This is a fast, ascending Alternate Picking run in my new favourite mode – Mixolydian b6. This is an advanced mode which I, at the time of writing this post, have not covered yet but will do in time – once I’ve finished the Major Scale Modes series of posts. This lick can be played in any key/mode with a 3 note-per-string shape by simply altering the notes to fit the desired shape. To do this I would advise learning and fully absorbing the lick (this scale shape will seem unusual to the uninitiated), then learning some of the 3NPS shapes from my other posts and seeing if you can create runs/licks in those new patterns/shapes.
Fast Alternate Picking Run
Obviously this lick requires a high degree of hand coordination. The scale shape must be fully absorbed to achieve this and, as I’ve said, the Mixolydian b6 shape will be a challenge for those unfamiliar with it. So the best course of action is to, of course, memorize the notes in the lick, at extremely slow speeds, to the point where there is absolutely no hesitation and could be played in one’s sleep. This slow tempo must not be increased until the player feels a sense of holding themself back. The tempo can then be increased in gradual increments as long as the feeling of perfect timing remains – in this case 16th note triplets or 6 notes-per-beat. This post goes into more detail on that.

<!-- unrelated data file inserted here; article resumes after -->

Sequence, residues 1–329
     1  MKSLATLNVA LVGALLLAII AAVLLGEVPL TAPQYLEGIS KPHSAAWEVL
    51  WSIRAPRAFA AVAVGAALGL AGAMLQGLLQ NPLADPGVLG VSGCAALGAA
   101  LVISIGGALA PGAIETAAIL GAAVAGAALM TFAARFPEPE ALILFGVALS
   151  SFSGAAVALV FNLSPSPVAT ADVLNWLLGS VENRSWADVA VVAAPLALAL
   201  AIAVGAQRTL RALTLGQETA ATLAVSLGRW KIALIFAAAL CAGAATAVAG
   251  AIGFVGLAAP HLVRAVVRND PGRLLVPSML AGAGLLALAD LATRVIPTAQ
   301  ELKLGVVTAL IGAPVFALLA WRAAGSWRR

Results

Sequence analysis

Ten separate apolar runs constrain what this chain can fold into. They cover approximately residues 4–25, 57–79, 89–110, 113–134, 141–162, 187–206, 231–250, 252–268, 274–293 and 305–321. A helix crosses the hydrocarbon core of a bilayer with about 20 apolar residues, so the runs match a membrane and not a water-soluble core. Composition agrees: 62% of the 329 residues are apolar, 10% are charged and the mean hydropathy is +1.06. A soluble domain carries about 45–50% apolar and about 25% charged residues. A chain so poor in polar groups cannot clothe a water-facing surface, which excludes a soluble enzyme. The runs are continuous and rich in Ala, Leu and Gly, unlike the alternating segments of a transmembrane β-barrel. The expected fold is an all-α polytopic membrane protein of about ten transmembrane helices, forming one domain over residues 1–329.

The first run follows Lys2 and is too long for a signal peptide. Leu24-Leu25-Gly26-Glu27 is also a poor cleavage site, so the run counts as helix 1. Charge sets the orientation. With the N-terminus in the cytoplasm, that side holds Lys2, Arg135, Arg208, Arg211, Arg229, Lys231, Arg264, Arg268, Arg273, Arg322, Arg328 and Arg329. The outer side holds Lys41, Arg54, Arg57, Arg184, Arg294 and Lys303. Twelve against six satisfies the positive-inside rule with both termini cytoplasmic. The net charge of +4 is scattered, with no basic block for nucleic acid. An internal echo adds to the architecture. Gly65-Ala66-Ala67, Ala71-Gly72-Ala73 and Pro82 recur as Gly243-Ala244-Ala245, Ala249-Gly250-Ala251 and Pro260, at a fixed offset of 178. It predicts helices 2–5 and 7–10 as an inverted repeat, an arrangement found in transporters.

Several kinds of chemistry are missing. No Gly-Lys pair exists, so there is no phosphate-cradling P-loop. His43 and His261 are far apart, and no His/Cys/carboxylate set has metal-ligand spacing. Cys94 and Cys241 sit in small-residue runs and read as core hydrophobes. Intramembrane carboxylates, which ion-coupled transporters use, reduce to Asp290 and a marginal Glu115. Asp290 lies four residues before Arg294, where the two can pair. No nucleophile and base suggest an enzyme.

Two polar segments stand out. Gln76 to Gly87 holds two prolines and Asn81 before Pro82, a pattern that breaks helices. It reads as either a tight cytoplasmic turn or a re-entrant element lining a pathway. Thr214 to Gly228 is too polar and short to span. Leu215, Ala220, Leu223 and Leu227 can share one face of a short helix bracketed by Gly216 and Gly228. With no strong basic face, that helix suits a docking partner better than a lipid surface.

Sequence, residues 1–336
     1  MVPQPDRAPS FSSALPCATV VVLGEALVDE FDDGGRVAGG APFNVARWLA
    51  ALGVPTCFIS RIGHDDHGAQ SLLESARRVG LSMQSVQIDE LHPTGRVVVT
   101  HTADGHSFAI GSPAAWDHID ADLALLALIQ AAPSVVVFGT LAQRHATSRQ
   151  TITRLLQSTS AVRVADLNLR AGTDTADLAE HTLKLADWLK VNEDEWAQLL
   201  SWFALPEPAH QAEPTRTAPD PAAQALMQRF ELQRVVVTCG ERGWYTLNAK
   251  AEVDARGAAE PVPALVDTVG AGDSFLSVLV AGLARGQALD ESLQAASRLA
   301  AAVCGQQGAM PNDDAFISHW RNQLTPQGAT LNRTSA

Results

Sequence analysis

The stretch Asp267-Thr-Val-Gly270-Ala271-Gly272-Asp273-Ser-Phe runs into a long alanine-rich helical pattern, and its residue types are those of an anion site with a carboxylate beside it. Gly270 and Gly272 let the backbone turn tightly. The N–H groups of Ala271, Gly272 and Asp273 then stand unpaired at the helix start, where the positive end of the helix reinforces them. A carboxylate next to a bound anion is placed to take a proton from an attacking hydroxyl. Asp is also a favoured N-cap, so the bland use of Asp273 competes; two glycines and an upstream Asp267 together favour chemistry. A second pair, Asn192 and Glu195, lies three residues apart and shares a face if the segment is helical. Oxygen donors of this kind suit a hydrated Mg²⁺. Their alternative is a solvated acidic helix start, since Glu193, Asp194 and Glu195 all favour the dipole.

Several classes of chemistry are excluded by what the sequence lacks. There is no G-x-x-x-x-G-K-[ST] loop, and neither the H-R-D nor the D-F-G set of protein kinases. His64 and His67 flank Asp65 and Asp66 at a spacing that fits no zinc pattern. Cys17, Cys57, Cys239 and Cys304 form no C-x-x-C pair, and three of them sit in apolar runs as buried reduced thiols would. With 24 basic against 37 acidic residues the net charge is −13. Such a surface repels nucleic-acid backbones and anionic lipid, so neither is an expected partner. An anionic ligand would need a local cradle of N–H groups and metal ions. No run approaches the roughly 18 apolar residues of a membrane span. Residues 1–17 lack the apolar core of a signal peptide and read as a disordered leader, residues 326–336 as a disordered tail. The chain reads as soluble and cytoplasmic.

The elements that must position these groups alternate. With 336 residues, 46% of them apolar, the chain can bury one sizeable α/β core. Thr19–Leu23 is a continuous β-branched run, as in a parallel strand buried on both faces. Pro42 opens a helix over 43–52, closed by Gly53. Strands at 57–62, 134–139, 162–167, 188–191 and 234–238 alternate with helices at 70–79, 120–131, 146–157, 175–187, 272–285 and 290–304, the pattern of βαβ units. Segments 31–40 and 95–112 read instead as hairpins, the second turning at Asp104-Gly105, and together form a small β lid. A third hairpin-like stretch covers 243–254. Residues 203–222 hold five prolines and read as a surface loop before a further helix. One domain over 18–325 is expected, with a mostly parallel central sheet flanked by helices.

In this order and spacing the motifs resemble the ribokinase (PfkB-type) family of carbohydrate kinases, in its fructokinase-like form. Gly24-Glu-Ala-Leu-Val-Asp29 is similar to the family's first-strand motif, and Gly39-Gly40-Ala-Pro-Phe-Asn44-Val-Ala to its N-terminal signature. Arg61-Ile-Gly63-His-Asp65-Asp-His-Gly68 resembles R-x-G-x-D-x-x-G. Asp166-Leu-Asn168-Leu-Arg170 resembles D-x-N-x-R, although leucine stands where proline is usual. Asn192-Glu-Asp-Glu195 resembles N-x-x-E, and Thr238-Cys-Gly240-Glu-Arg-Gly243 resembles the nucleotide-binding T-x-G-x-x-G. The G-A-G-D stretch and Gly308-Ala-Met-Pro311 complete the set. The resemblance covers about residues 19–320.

Other than the awkwardness of the scale shape, there is another tricky aspect to this run which is that when it reaches the high E string it carries on laterally up the fret-board, silently position shifting each time. The left hand must keep up with these shifts – don’t let the thumb lag behind and stay relaxed throughout, keeping movements to an effortless minimum. Watch the slow play-through in the video to see which left hand fingers are used. For the right hand, as for the left, relaxation is key and movement must be kept to a minimum but it is also useful to ‘spike’ or accent the odd down pick to keep timing in check. Just hit the strings slightly harder when the first of each 6 notes (in the 6 per beat) occurs. This is a tried and trusted method I like to use to better ‘tie’ and unite my down pick to the beat.
Don’t forget you can like me on Facebook, follow me on Twitter and subscribe to me on YouTube by clicking the icons below –